Colin Mills, compiler of the Hortus Camdenensis, died in late November 2012 after a short illness. As he always considered the Hortus his legacy, it is his family's intention to keep the site running in perpetuity. It will not, however, be updated in the near future.

Pinus sylvestris L.

Large pine with peeling bark, leaves in pairs and solitary, and variable cones, solitary or in clusters of 2 or 3, to 8cm long.  To 40m.  There are many varieties.  [RHSD, Hortus, Hilliers’].

Horticultural & Botanical History

Ancient garden plant.  Grown by John Gerard as ‘Pinaster, the Wilde Pine tree’ by 1596.  ‘The wild pine.  Pinus sylvestris.  This pine grows near as tall as the former [Pinus sativa], its leaves are much shorter and slenderer, especially on the bottom of the branches, the catkins & cones smaller and sharper; but much of the same colours.  It grows in great plenty in Germany, & flowers much about ye time with the other.  From this tree comes the common Turpentine, chiefly used by the Ferriers; from which is distill’d the oil of Turpentine and the spirit; the dregs that are left at the bottom of the still is the common Rosin.  Mr. Dale affirms from Doctor Kreig that ye Burgundy pitch is made of Turpentine from this tree.  The curious may consult Mr. Miller; the Apothecary Botanicum Officinale p.347 where there is a beautiful account of this tree.’  [Blackwell p.190/1737].  English Botany vol.8, pl.MCCCLXXX/1868.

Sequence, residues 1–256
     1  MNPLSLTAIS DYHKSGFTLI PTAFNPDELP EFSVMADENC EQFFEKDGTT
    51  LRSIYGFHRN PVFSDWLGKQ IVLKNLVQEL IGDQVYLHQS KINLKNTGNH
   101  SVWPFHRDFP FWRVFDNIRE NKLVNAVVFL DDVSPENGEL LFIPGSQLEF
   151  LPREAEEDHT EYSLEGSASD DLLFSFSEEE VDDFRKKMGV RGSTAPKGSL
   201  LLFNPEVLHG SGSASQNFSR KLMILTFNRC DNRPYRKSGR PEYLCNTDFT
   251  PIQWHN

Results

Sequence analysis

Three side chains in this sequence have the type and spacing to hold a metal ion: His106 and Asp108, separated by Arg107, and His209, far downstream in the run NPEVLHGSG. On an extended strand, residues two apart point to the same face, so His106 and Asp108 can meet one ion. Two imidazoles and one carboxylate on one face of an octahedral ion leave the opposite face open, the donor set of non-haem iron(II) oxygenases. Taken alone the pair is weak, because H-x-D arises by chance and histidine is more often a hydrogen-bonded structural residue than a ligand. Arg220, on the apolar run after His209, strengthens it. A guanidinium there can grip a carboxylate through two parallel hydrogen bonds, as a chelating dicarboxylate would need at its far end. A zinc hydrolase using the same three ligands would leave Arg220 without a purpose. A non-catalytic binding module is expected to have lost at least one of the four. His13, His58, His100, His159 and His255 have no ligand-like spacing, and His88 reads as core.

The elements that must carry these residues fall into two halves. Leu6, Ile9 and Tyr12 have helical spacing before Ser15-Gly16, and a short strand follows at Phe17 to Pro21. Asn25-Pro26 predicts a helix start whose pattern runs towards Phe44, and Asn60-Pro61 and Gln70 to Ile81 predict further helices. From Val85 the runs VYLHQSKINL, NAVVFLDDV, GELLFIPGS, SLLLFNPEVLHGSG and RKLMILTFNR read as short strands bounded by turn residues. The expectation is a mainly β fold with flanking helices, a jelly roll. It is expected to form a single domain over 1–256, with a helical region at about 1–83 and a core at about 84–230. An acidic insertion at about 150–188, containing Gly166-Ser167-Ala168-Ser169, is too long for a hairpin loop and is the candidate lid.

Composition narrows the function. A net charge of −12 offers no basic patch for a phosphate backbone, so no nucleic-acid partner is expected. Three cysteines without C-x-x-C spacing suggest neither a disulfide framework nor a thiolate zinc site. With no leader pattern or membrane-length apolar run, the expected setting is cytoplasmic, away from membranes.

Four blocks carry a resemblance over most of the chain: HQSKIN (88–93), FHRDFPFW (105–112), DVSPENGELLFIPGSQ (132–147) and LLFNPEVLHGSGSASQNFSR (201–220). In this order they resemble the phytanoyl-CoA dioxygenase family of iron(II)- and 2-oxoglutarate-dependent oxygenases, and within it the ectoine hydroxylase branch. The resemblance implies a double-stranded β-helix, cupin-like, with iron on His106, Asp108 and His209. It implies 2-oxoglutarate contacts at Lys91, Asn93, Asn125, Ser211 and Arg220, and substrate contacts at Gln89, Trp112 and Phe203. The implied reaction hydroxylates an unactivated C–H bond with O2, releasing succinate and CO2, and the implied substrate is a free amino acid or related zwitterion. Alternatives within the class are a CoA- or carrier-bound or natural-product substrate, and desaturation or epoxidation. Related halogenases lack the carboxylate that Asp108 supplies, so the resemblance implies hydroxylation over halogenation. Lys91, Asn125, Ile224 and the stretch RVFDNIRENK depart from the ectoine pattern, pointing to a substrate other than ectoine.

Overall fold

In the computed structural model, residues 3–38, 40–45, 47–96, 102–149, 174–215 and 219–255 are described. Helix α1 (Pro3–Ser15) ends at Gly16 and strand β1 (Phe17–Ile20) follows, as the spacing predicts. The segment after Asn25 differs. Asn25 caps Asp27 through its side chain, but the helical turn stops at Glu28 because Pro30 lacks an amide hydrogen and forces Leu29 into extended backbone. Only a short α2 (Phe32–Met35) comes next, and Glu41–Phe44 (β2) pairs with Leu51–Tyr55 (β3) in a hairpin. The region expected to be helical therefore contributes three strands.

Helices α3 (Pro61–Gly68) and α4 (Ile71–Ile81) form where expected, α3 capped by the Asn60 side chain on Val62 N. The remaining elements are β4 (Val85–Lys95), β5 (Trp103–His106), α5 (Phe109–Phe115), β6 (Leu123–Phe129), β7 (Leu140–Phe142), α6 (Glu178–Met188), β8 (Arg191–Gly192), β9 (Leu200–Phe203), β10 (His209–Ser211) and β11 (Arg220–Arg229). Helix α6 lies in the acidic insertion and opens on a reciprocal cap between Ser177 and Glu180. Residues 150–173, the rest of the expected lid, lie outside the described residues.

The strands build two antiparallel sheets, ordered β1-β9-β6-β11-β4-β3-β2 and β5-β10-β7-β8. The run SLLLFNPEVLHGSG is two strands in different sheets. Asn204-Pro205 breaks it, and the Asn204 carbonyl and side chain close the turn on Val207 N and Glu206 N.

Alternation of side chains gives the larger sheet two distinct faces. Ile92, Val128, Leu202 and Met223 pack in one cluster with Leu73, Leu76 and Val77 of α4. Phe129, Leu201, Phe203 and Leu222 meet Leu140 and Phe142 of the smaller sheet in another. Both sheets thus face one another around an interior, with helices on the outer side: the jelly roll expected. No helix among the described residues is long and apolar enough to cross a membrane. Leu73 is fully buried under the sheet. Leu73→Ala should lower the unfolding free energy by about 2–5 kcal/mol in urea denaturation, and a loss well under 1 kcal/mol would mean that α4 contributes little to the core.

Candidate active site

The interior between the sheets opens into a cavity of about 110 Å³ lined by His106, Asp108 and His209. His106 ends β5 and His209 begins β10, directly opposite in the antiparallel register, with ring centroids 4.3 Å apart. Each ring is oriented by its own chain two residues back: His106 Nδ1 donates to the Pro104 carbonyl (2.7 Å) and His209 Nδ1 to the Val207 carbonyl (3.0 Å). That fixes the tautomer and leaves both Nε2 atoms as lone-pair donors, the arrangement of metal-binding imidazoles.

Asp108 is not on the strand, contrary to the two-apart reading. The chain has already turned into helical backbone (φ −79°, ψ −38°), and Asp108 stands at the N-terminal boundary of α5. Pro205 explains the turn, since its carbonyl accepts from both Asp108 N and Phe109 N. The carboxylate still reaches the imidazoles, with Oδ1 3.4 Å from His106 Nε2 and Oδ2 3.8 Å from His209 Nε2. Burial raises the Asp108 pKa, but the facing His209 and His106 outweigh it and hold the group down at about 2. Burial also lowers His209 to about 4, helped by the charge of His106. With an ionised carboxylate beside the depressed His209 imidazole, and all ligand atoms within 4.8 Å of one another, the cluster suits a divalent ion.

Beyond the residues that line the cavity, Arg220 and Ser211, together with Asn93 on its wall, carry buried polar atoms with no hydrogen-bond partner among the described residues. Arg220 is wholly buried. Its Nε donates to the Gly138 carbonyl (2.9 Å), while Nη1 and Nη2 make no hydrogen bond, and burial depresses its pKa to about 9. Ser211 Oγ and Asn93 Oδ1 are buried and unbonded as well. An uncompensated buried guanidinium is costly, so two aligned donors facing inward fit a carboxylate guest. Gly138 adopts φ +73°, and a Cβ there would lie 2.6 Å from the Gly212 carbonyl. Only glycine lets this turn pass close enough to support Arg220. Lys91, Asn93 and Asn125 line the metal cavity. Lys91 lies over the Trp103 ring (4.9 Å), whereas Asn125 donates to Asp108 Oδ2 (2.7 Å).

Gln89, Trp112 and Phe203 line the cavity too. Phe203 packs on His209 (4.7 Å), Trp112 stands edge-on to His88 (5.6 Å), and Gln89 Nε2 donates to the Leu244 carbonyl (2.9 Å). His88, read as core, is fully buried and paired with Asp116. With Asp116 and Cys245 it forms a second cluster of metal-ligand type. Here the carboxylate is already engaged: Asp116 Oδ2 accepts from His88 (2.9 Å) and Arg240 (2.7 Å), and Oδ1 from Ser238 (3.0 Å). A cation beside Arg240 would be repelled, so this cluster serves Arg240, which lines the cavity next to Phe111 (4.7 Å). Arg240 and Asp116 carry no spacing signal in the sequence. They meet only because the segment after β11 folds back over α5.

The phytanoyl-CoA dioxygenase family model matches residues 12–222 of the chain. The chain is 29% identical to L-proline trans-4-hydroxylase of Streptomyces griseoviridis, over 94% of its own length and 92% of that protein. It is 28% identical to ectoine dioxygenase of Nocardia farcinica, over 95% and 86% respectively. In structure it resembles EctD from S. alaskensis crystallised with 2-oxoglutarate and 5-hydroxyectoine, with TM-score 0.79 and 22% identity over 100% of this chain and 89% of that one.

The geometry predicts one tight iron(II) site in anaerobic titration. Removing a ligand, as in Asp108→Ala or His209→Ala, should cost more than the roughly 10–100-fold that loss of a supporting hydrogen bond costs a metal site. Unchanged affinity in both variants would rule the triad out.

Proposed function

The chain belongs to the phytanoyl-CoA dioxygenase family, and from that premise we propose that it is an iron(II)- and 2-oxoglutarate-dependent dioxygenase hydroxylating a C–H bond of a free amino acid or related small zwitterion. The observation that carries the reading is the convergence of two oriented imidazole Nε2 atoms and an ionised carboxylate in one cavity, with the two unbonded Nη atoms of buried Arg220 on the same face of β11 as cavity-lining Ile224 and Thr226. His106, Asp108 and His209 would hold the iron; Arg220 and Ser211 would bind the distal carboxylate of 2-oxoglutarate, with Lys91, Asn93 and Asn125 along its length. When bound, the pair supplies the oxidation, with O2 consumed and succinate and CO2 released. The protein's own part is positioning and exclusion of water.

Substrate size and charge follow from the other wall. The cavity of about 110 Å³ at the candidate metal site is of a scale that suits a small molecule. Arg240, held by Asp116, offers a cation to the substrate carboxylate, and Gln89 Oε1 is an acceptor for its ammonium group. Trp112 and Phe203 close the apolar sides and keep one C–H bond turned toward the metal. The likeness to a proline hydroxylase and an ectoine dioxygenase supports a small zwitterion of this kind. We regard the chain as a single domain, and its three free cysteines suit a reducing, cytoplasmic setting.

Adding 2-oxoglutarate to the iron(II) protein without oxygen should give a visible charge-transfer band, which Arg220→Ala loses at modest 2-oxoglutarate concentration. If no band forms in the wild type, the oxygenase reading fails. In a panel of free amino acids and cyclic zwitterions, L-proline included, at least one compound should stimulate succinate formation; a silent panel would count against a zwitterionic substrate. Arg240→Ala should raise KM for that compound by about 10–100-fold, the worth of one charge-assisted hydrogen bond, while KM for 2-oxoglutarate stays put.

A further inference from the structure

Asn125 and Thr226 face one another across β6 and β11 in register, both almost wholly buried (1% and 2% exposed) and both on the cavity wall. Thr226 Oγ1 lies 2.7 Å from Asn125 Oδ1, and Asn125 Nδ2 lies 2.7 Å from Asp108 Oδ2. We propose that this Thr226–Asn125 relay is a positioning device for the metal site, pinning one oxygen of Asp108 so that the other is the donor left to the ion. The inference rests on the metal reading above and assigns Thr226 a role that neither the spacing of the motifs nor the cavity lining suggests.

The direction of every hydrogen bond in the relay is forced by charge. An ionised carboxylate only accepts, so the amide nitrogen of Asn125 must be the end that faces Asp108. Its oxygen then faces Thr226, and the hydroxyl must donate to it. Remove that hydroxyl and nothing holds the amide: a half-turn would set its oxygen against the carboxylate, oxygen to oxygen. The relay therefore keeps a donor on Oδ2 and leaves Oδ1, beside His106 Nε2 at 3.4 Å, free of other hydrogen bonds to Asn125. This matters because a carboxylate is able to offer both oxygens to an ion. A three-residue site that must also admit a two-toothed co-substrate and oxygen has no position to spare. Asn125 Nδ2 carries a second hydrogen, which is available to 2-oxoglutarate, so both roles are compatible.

History at Camden Park

Pinus sylvestris is marked with a ‘c’ in an 1836 edition of Loddiges’ Nursery catalogue held at Camden Park [CPA].  In William Macarthur’s code, used and explained elsewhere, this means grown at Camden.  It is almost certain that it was grown in the gardens around this time but may have been short lived as it did not appear in the catalogues.


Pinus sylvestris Herb. (1790) = Pinus merkusii Jungh. & de Vriese

Pinus sylvestris Lour (1790) = Pinus massoniana Lamb.

Pinus sylvestris Mill (1768) = Pinus pinaster Ait. which see

Pinus sylvestris Gouan (1764) = Pinus halepensis Mill. which see

Pinus sylvestris Baung. (1816) = Pinus laricio Poir.

Pinus sylvestris Thunb. (1784) = Pinus thunbergii Parl.

Published Aug 11, 2009 - 05:08 PM | Last updated Jul 29, 2010 - 03:25 PM

Illustrated are leaves, male cones and ripe female cones.  Blackwell p.190, 1737.

Pinus sylvestris L. | Blackwell p.190/1737 | BHL

Family Pinaceae
Region of origin

Europe including Britain, North Asia

Common Name

Scots pine, Scotch fir

Name in the Camden Park Record

Pinus sylvestris 

Confidence level high